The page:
ASCL.net

Astrophysics Source Code Library

Making codes discoverable since 1999

Welcome to the ASCL

The Astrophysics Source Code Library (ASCL) is a free online registry for source codes of interest to astronomers and astrophysicists and lists codes that have been used in research that has appeared in, or been submitted to, peer-reviewed publications. The ASCL is indexed by the SAO/NASA Astrophysics Data System (ADS) and is citable by using the unique ascl ID assigned to each code. The ascl ID can be used to link to the code entry by prefacing the number with ascl.net (i.e., ascl.net/1201.001).


Most Recently Added Codes

2015 Jul 30

[ascl:1507.020] IEHI: Ionization Equilibrium for Heavy Ions

IEHI, written in Fortran, outputs a simple "coronal" ionization equilibrium (i.e., collisional ionization and auto-ionization balanced by radiative and dielectronic recombination) for a plasma at a given electron temperature.

[ascl:1507.019] AstroStat: Statistical analysis tool

AstroStat performs statistical analysis on data and is compatible with Virtual Observatory (VO) standards. It accepts data in a variety of formats and performs various statistical tests using a menu driven interface. Analyses, performed in R, include exploratory tests, visualizations, distribution fitting, correlation and causation, hypothesis testing, multivariate analysis and clustering. AstroStat is available in two versions with an identical interface and features: as a web service that can be run using any standard browser and as an offline application.

2015 Jul 27

[ascl:1507.018] pyro: Python-based tutorial for computational methods for hydrodynamics

pyro is a simple python-based tutorial on computational methods for hydrodynamics. It includes 2-d solvers for advection, compressible, incompressible, and low Mach number hydrodynamics, diffusion, and multigrid. It is written with ease of understanding in mind. An extensive set of notes that is part of the Open Astrophysics Bookshelf project provides details of the algorithms.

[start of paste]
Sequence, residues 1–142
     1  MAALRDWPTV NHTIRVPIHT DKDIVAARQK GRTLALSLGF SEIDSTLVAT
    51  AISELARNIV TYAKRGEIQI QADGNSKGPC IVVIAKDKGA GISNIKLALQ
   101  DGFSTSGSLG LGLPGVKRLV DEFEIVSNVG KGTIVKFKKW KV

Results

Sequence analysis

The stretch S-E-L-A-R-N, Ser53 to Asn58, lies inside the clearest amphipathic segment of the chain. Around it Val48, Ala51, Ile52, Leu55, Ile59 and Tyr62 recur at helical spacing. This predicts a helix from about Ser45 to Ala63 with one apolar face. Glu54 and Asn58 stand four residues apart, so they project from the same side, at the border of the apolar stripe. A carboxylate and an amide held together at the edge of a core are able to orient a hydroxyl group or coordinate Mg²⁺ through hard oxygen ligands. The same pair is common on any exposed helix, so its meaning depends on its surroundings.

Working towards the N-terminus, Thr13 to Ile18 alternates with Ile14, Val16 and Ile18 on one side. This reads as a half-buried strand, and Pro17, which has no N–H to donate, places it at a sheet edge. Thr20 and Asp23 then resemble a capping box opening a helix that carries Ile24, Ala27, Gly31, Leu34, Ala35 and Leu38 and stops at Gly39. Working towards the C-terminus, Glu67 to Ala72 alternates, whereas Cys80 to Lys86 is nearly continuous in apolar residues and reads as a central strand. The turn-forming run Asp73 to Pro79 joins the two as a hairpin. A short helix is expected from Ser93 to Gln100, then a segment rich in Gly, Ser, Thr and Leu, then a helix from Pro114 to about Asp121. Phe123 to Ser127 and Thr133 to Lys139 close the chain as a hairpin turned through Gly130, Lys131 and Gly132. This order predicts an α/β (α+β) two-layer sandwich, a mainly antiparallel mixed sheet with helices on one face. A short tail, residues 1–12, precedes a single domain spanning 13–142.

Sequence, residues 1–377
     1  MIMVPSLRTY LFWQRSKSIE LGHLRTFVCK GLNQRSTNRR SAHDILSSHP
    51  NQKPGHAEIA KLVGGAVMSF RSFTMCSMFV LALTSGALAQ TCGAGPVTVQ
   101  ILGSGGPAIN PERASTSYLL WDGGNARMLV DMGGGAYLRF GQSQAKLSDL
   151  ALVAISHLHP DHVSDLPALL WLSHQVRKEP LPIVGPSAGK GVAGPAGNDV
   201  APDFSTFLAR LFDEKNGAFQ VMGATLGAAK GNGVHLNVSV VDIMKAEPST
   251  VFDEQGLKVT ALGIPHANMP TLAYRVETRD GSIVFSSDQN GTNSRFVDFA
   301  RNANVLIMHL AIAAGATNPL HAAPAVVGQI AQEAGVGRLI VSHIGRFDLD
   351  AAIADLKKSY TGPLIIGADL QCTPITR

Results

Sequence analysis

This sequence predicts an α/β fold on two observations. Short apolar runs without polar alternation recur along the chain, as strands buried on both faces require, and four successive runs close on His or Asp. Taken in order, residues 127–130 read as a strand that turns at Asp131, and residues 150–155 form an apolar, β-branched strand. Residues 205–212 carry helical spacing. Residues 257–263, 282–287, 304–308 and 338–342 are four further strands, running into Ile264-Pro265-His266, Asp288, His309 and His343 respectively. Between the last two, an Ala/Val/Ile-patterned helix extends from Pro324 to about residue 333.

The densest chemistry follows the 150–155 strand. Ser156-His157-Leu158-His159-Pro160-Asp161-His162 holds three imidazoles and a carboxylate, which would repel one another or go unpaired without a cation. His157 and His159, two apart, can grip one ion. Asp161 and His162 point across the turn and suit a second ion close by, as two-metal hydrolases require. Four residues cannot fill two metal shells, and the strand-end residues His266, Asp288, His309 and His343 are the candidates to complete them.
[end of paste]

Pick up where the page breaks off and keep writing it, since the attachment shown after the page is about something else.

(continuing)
2015 Jul 26

[ascl:1507.017] REDSPEC: NIRSPEC data reduction

REDSPEC is an IDL based reduction package designed with NIRSPEC in mind though can be used to reduce data from other spectrographs as well. REDSPEC accomplishes spatial rectification by summing an A+B pair of a calibration star to produce an image with two spectra; the image is remapped on the basis of polynomial fits to the spectral traces and calculation of gaussian centroids to define their separation, producing straight spectral traces with respect to the detector rows. The raw images are remapped onto a coordinate system with uniform intervals in spatial extent along the slit and in wavelength along the dispersion axis.

2015 Jul 25

[ascl:1507.016] Least Asymmetry: Centering Method

Least Asymmetry finds the center of a distribution of light in an image using the least asymmetry method; the code also contains center of light and fitting a Gaussian routines. All functions in Least Asymmetry are designed to take optional weights.

2015 Jul 23

[ascl:1507.015] DALI: Derivative Approximation for LIkelihoods